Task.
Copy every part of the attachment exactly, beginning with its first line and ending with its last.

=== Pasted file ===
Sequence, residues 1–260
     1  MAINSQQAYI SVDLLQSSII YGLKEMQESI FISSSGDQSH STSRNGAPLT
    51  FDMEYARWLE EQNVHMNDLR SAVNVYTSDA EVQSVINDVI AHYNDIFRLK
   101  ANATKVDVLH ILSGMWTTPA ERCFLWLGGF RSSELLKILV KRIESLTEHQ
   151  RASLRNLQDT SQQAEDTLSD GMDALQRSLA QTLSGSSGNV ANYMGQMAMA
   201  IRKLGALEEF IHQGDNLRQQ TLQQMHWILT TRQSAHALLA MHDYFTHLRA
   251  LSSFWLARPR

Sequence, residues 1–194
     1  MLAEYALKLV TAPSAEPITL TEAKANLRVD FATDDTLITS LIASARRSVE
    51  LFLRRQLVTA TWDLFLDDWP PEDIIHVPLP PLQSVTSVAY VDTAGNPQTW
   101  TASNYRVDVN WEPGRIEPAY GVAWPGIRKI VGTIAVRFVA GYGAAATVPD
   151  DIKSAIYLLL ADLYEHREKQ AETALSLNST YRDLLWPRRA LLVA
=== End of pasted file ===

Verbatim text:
Sequence, residues 1–260
     1  MAINSQQAYI SVDLLQSSII YGLKEMQESI FISSSGDQSH STSRNGAPLT
    51  FDMEYARWLE EQNVHMNDLR SAVNVYTSDA EVQSVINDVI AHYNDIFRLK
   101  ANATKVDVLH ILSGMWTTPA ERCFLWLGGF RSSELLKILV KRIESLTEHQ
   151  RASLRNLQDT SQQAEDTLSD GMDALQRSLA QTLSGSSGNV ANYMGQMAMA
   201  IRKLGALEEF IHQGDNLRQQ TLQQMHWILT TRQSAHALLA MHDYFTHLRA
   251  LSSFWLARPR

Sequence, residues 1–194
     1  MLAEYALKLV TAPSAEPITL TEAKANLRVD FATDDTLITS LIASARRSVE
    51  LFLRRQLVTA TWDLFLDDWP PEDIIHVPLP PLQSVTSVAY VDTAGNPQTW
   101  TASNYRVDVN WEPGRIEPAY GVAWPGIRKI VGTIAVRFVA GYGAAATVPD
   151  DIKSAIYLLL ADLYEHREKQ AETALSLNST YRDLLWPRRA LLVA